Blow your mind
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m (→Mathematical sequences, etc) 

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Latest revision as of 13:42, 28 October 2013
Useful Idioms that will blow your mind (unless you already know them :)
This collection is supposed to be comprised of short, useful, cool, magical examples, which should incite the reader's curiosity and (hopefully) lead him to a deeper understanding of advanced Haskell concepts. At a later time I might add explanations to the more obscure solutions. I've also started providing several alternatives to give more insight into the interrelations of solutions.
More examples are always welcome, especially "obscure" monadic ones.
Contents 
[edit] 1 List/String operations
 split at whitespace  "hello world" > ["hello","world"] words unfoldr (\b > fmap (const . (second $ drop 1) . break (==' ') $ b) . listToMaybe $ b) takeWhile (not . null) . evalState (repeatM $ modify (drop 1) >> State (break (== ' '))) . (' ' :) where repeatM = sequence . repeat fix (\f l > if null l then [] else let (s,e) = break (==' ') l in s:f (drop 1 e))  splitting in two (alternating)  "1234567" > ("1357", "246")  the lazy match with ~ is necessary for efficiency, especially enabling  processing of infinite lists foldr (\a ~(x,y) > (a:y,x)) ([],[]) (map snd *** map snd) . partition (even . fst) . zip [0..] transpose . unfoldr (\a > toMaybe (null a) (splitAt 2 a))  this one uses the solution to the next problem in a nice way :) toMaybe b x = if b then Just x else Nothing  or generalize it:  toMaybe = (toMonadPlus :: Bool > a > Maybe a) toMonadPlus b x = guard b >> return x  splitting into lists of length N  "1234567" > ["12", "34", "56", "7"] unfoldr (\a > toMaybe (not $ null a) (splitAt 2 a)) takeWhile (not . null) . unfoldr (Just . splitAt 2) ensure :: MonadPlus m => (a > Bool) > a > m a ensure p x = guard (p x) >> return x unfoldr (ensure (not . null . fst) . splitAt 2)  sorting by a custom function  length > ["abc", "ab", "a"] > ["a", "ab", "abc"] comparing f = compare `on` f  "comparing" is already defined in Data.Ord sortBy (comparing length) map snd . sortBy (comparing fst) . map (length &&& id)  the so called "Schwartzian Transform" for computationally more expensive  functions.  comparing adjacent elements rises xs = zipWith (<) xs (tail xs)  lazy substring search  "ell" > "hello" > True substr a b = any (a `isPrefixOf`) $ tails b  multiple splitAt's:  splitAts [2,5,0,3] [1..15] == [[1,2],[3,4,5,6,7],[],[8,9,10],[11,12,13,14,15]] splitAts = foldr (\n r > splitAt n >>> second r >>> uncurry (:)) return  frequency distribution  "abracadabra" > fromList [('a',5),('b',2),('c',1),('d',1),('r',2)] import Data.Map histogram = fromListWith (+) . (`zip` repeat 1)  using arrows and sort histogramArr = map (head&&&length) . group . sort  multidimensional zipWith zip2DWith :: (a > b > c) > [[a]] > [[b]] > [[c]] zip2DWith = zipWith . zipWith zip3DWith :: (a > b > c) > [[[a]]] > [[[b]]] > [[[c]]] zip3DWith = zipWith . zipWith . zipWith  etc.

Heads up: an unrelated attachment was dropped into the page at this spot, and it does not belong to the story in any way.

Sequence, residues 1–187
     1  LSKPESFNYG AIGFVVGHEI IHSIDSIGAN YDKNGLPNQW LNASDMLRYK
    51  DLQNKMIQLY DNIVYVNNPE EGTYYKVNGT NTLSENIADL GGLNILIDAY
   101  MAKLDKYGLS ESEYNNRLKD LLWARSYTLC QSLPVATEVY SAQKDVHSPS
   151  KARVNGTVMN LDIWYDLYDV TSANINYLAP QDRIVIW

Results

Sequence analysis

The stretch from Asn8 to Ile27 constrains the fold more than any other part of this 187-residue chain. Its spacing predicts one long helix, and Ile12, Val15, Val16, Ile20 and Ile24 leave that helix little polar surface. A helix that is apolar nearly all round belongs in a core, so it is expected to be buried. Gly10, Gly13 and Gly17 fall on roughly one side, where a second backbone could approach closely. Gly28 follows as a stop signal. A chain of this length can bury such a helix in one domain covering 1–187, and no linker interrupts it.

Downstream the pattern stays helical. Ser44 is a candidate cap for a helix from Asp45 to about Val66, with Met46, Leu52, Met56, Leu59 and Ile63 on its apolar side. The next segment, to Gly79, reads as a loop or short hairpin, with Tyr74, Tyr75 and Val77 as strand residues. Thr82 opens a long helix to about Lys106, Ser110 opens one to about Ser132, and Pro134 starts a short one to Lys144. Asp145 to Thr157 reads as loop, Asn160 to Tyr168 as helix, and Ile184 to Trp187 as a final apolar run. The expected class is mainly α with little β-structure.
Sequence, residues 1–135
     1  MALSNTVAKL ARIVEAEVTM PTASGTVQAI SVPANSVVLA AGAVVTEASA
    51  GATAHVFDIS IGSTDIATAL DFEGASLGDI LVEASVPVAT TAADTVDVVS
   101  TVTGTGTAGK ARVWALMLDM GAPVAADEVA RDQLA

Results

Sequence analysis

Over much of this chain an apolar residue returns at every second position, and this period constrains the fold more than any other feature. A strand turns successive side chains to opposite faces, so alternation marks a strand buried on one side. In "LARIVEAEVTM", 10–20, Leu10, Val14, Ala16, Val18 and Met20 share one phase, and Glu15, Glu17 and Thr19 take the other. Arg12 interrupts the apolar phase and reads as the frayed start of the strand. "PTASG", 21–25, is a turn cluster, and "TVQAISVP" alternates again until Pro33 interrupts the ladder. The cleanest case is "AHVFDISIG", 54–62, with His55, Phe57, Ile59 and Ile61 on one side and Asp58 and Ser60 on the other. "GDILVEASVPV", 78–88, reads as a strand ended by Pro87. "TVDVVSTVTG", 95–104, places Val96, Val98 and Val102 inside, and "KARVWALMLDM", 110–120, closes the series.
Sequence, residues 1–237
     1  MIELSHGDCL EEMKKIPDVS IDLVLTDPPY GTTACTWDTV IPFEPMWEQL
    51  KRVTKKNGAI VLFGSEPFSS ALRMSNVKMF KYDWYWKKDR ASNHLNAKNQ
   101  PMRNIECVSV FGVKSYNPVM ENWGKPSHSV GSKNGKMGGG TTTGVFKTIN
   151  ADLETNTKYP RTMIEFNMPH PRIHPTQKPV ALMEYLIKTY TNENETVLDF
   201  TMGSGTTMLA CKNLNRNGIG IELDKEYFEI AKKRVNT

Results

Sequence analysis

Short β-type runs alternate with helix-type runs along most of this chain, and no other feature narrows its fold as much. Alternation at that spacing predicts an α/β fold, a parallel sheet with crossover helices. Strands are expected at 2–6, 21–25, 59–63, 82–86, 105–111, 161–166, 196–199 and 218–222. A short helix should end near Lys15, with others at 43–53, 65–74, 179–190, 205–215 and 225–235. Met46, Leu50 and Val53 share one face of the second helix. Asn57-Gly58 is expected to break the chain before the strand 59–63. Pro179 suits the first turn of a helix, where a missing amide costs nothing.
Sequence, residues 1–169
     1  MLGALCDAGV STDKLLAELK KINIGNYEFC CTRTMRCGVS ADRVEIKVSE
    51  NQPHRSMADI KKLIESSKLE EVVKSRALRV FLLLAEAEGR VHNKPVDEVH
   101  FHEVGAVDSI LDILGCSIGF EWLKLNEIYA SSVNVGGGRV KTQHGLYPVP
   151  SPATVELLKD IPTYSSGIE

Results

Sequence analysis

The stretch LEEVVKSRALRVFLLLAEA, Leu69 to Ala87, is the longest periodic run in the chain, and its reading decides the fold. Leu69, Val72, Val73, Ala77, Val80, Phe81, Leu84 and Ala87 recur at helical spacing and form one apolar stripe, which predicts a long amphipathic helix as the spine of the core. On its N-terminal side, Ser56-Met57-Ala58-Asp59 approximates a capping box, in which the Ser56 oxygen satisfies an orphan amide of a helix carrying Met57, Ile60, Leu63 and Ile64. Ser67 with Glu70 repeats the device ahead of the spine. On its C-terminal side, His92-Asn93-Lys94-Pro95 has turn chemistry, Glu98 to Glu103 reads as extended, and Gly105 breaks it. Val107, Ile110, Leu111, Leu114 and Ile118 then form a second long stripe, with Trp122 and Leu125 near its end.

[edit] 2 Mathematical sequences, etc
 factorial  6 > 720 product [1..6] foldl1 (*) [1..6]  this won't work for 0; use "foldl (*) 1 [1..n]" instead (!!6) $ scanl (*) 1 [1..] fix (\f n > if n <= 0 then 1 else n * f (n1))  powers of two sequence iterate (*2) 1 unfoldr (\z > Just (z,2*z)) 1  fibonacci sequence unfoldr (\(f1,f2) > Just (f1,(f2,f1+f2))) (0,1) fibs = 0:1:zipWith (+) fibs (tail fibs) fib = 0:scanl (+) 1 fib  also seen as: fibs = fix ((0:) . scanl (+) 1)  pascal triangle pascal = iterate (\row > zipWith (+) ([0] ++ row) (row ++ [0])) [1]  prime numbers  example of a memoising caf (??) primes = sieve [2..] where sieve (p:xs) = p : sieve [ n  n < xs, n `mod` p > 0 ] unfoldr sieve [2..] where sieve (p:xs) = Just(p, [ n  n < xs, n `mod` p > 0 ]) otherPrimes = nubBy (((>1).).gcd) [2..]  or if you want to use the Sieve of Eratosthenes.. diff xl@(x:xs) yl@(y:ys)  x < y = x:diff xs yl  x > y = diff xl ys  otherwise = diff xs ys eprimes = esieve [2..] where esieve (p:xs) = p : esieve (diff xs [p, p+p..])  or if you want your n primes in less than n^1.5 time instead of n^2.2+ peprimes = 2 : pesieve [3..] peprimes 4 where pesieve xs (p:ps) q  (h,t) < span (<q) xs = h ++ pesieve (diff t [q, q+p..]) ps (head ps^2)  enumerating the rationals (see [1]) rats :: [Rational] rats = iterate next 1 where next x = recip (fromInteger n+1y) where (n,y) = properFraction x  another way rats2 = fix ((1:) . (>>= \x > [1+x, 1/(1+x)])) :: [Rational]
[1] Gibbons, Lest, Bird  Enumerating the Rationals
[edit] 3 Monad magic
The list monad can be used for some amazing Prologish search problems.